Ema by the Sea forgoes the pity and anger for self-reflection and steady, unobtrusive production.
In a world that hands out bitter salvos like The All-American Rejects’ “Gives You Hell” or anything on Adele’s 21, softer breakups often find themselves drowned beneath the din of sorrow and vengeance. Understandably, losing a partner typically brings forth all sorts of uncontrollable and unpredictable emotions. A song like Justin Timberlake’s “Cry Me A River” conveys such hurt and vengefulness through the vessel of a catchy tune. To really get the masses’ attention, the bold rebuttal is usually the way to go. It takes another type of talent to relay the end of a relationship with understated volume and introspection. Bassist Joseph Carvell, who goes by Pink Shabab boasts such talent, evident on his solo debut Ema by the Sea. Rather than rage or deliver soliloquies, Carvell takes his time. The lightness of its production directly mirrors his own unencumbered attitude. The nine tracks tend to run long, with steady, new wavy tempos and melodies through which his voice occasionally penetrates.
Even their names run long, though one grows to appreciate the album’s lengthy titles; while perhaps more difficult to remember, they force you to pay attention. Much of Ema by the Sea requires careful listening, from the confusing tempos (“Cry Every Night”) to Joseph Carvell’s distant, low-volume whimpering. The lack of volume to his voice grows annoying at times, but it does draw your focus.
Undoubtedly, the true reason behind this soft-spokenness lies in Carvell’s subject matter, which is clearly the end of a relationship, but not approached in the standard manner. Ema by the Sea is reflective instead of reactionary, with the vocalist retreating into himself and the dancefloor to find answers. From the get go, he conveys his woes in a reserved, English manner, preferring his bass and an accompanying flute speak for him on “If Only I Could Hold You One More Time.” The more direct he becomes, the softer he becomes: “Almost every night” is barely more than an exhale in “Cry Every Night.” Ironically with “Let Me Explain.” he goes silent, and lets a zig-zagging synth convey his message.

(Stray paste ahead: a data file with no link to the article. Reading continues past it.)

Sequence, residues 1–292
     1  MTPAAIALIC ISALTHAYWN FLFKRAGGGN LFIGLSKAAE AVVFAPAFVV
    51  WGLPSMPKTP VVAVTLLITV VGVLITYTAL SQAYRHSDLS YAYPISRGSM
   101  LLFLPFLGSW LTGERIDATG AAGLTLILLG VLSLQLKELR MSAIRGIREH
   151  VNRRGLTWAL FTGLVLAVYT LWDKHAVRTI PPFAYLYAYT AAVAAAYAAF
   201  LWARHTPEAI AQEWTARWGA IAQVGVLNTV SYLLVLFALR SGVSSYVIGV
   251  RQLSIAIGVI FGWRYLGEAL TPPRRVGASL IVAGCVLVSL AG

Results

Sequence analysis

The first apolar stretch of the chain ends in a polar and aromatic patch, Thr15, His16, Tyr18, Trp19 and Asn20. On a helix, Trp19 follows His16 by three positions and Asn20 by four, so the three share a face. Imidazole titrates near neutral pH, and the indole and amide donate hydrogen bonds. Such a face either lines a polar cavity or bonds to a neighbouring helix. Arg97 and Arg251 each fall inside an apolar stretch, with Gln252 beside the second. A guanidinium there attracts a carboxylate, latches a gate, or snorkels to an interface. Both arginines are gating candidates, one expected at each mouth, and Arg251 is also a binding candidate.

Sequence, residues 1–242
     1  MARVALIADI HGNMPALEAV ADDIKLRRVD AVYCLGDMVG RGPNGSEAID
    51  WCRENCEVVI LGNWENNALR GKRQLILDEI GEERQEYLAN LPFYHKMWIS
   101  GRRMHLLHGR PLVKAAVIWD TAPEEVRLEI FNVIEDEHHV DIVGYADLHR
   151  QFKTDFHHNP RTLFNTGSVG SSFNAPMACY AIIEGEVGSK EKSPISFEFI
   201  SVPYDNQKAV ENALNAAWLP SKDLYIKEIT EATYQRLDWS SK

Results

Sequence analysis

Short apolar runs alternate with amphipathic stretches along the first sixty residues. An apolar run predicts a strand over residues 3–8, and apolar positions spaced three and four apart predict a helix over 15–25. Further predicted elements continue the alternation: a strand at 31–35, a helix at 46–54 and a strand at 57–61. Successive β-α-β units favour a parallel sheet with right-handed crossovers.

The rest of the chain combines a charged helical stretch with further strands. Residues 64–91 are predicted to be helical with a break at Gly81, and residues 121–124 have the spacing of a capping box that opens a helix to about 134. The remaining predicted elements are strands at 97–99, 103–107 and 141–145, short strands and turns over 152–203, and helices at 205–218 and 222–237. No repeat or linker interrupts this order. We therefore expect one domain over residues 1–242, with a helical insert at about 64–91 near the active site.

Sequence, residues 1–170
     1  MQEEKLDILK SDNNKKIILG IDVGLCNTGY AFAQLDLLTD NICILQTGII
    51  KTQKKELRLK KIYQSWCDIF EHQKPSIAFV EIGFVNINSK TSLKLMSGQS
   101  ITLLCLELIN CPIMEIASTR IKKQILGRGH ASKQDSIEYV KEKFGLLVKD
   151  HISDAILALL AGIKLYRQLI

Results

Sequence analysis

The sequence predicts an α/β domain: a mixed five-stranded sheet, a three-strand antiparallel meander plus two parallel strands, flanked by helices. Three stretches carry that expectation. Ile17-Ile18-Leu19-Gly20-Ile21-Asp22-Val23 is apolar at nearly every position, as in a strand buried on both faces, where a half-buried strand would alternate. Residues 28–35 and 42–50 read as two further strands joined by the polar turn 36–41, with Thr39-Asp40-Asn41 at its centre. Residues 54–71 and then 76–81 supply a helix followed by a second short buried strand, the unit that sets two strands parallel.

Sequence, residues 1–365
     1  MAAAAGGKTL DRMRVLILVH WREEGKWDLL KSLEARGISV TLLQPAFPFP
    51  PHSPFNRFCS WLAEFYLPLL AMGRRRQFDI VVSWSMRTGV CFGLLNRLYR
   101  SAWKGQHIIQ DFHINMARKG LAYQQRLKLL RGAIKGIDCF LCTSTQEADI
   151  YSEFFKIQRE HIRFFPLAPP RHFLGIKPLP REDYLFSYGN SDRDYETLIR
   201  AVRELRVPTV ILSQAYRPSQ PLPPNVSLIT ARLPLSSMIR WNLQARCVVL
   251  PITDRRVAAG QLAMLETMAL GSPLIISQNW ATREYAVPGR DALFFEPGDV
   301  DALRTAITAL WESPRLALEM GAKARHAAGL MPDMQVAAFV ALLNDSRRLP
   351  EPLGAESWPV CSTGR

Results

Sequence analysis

The longer you listen to Ema by the Sea, the more you sense someone coming to terms with a situation they never expected, and a person they never expected to become. At night, Carvell pictures “Your face next to me/ Then I wake” because in his real life, the words escape him. “Interlude,” with its intermittent whirs and chimes, arrives as a sort of wakeup call, a funky nudge awake instead of a blaring alarm. It registers as someone acutely aware of their setbacks and shortcomings without the self-deprecation or pity so often turned to in entertainment.
If anything, Ema by the Sea thrives through its acknowledgement of both its positive and negative traits. “Now she’s got to see the world/ While you’re stuck here on your own” so goes the “Last of the Boys,” where bleak lyrics are met with a strangely buoyant groove. Not settling quite for vindication nor despondence, Carvell instead gives a little of each by going for admissions: he may be alone, but that means he wears the honor of being the last to change, the last to grow up.
When such change becomes inevitable, “You Can’t Go Back” strolls in like a late-night walk to clear your head. The tempo is relaxed as well as subdued, as if something’s finally brought Carvell back down to earth in preparation for the finale, “The Sun is My Lord.” With an intro more confident than anything else on the album, it signifies Carvell’s transition from “youth” (the translation of “shabab”) to something a little more mature, maybe, like Britney, not yet a full adult. The kick drum and synths carry it along, but Carvell’s bass, truly uninhibited, reveals a person who’s changed for the better and knows it. We should all be so lucky.